Olympic Fuel Tip #10: Are Your Photos Telling a Story?

Shelly Perry here, again, with your "Olympic Fuel" tip of the day.

Last week I heard on NPR's All Things Considered a great piece about Olympic photographers and how they capture a story of wins or losses in pictures and then quickly process and distribute them. (You can read it here.)

I was reminded, as I listened, about how important it really is to not simply "record" an event or a place… but to use your photos to tell a story about it.

That's what editors really want. And there are a few things you can do to ensure you're delivering that kind of visual commentary…


** 1. Make sure every photo offers a focus point for your viewer. Don't just take a series of horizontal "snapshots" that show what's there. Instead, compose your shots to call your viewer's attention to something (be it a person or an object) in particular.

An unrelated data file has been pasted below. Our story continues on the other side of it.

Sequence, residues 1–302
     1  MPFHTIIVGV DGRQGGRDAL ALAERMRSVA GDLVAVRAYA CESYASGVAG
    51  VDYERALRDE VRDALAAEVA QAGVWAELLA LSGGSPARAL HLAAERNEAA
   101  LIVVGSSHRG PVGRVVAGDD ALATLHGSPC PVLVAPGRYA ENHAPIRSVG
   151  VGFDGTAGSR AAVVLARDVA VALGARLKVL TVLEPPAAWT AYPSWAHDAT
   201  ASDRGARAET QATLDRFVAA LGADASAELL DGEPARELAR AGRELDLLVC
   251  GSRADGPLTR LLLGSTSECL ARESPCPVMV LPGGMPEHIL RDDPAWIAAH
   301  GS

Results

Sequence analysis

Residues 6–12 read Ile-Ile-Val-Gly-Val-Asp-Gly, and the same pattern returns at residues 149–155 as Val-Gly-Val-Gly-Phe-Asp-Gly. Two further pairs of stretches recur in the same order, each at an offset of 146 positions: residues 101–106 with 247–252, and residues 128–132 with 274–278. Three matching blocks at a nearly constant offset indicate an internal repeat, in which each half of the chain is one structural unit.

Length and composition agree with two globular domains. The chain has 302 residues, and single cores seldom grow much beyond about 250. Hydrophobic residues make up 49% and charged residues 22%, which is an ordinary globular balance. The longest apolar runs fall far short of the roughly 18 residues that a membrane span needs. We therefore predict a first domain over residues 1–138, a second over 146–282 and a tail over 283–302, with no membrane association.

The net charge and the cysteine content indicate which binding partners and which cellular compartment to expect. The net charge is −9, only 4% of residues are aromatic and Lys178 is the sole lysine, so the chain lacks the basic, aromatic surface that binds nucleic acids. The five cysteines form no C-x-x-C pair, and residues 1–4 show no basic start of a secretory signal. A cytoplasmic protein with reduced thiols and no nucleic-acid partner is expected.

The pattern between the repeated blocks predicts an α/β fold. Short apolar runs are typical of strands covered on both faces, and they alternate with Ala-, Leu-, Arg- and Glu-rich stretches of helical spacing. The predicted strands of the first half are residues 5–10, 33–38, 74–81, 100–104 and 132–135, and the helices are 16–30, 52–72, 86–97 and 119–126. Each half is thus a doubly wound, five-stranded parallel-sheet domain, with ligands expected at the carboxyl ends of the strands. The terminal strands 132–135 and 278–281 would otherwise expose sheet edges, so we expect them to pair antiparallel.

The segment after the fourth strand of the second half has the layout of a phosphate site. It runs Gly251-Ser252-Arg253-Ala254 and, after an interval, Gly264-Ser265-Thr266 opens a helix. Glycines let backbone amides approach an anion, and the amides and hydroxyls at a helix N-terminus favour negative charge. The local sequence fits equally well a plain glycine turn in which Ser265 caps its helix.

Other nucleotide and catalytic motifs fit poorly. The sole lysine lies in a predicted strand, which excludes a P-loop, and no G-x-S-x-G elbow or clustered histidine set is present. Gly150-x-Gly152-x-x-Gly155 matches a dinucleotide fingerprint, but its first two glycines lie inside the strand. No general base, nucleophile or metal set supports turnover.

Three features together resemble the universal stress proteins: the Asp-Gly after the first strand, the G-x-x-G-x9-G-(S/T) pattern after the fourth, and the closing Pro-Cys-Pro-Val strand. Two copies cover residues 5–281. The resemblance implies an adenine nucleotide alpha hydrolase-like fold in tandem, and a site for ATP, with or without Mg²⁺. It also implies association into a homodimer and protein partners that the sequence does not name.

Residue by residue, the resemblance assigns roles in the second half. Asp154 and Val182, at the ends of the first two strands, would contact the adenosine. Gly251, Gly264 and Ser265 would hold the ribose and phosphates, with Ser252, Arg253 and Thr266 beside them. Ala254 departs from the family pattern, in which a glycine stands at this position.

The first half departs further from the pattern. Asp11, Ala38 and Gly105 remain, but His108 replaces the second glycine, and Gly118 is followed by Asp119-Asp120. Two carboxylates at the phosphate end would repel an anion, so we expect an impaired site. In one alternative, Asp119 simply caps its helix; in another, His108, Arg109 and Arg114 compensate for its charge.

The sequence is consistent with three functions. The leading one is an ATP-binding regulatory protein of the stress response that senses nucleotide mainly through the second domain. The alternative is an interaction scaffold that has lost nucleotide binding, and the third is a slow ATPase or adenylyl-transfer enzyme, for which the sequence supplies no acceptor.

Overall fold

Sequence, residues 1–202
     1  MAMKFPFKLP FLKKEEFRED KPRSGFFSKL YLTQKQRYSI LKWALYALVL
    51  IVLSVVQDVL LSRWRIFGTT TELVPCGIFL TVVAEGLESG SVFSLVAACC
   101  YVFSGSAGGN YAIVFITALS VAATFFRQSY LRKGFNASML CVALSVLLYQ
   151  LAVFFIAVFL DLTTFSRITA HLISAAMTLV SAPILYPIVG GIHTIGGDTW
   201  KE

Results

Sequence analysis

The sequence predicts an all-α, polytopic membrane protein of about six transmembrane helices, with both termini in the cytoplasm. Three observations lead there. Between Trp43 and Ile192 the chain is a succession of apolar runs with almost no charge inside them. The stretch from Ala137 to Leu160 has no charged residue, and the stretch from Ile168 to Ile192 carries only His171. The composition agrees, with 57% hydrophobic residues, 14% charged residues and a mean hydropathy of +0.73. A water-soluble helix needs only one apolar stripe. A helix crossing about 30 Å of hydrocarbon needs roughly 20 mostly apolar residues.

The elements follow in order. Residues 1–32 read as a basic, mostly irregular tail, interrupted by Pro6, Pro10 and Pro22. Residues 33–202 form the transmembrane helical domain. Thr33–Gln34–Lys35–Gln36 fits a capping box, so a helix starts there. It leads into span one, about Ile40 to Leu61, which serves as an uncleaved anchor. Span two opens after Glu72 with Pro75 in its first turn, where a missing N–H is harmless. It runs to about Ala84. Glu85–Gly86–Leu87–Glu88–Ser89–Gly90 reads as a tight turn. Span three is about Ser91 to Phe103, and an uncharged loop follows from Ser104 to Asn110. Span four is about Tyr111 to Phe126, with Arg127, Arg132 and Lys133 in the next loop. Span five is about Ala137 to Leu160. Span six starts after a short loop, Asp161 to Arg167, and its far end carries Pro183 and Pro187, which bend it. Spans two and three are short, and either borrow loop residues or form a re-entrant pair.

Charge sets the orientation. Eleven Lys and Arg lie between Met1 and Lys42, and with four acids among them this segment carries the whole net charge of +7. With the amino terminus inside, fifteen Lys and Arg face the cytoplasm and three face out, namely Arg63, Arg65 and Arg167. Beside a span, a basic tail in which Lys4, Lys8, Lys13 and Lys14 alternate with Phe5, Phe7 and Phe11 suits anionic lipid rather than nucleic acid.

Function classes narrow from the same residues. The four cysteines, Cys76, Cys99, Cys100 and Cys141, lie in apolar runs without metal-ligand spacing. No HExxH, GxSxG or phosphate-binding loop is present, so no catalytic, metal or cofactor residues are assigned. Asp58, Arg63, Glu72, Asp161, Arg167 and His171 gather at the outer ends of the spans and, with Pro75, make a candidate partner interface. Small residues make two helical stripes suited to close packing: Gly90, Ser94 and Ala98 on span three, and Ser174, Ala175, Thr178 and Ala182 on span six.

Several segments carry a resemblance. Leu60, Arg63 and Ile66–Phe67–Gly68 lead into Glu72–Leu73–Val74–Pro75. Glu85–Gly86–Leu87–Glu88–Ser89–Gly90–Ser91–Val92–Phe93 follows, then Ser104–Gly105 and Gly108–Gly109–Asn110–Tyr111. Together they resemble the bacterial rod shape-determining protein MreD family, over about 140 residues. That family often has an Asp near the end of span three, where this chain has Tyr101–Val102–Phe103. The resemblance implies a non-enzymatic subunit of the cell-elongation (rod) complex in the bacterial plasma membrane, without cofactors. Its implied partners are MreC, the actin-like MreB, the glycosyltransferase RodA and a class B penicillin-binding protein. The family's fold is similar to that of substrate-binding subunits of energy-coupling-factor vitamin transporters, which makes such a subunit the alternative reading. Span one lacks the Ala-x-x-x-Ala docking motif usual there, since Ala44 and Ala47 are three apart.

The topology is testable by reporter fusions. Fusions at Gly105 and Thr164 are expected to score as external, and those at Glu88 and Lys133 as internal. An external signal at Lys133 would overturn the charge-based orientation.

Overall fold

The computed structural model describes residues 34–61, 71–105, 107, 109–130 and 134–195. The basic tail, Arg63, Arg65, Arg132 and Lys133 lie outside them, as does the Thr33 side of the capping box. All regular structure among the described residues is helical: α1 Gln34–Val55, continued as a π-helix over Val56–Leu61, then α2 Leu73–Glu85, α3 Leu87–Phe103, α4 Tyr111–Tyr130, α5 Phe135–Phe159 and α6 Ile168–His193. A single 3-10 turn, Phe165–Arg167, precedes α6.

** 2. Take close-ups.  Get in there and get the details.  Sometimes the race is so close, Olympic officials rely on the "photo-finish."  Those shots need to be detailed down to the millimeter to show who won the gold in the last split seconds of the race.  Train yourself to capture small details in your shots, too, as they can be extremely useful to an editor.

** 3. Make sure to include the human element in your story.  Just as you would have virtually no story about the Olympics if you omitted the athletes, most every story has some human element involved.  It's up to you to capture it in your photos.

[Editor’s Note: Learn more about how you can turn your pictures into cash in our free online newsletter The Right Way to Travel.  Sign up here today and we’ll send you a new report, Selling Photos for Cash: A Quick-Start Guide, completely FREE.]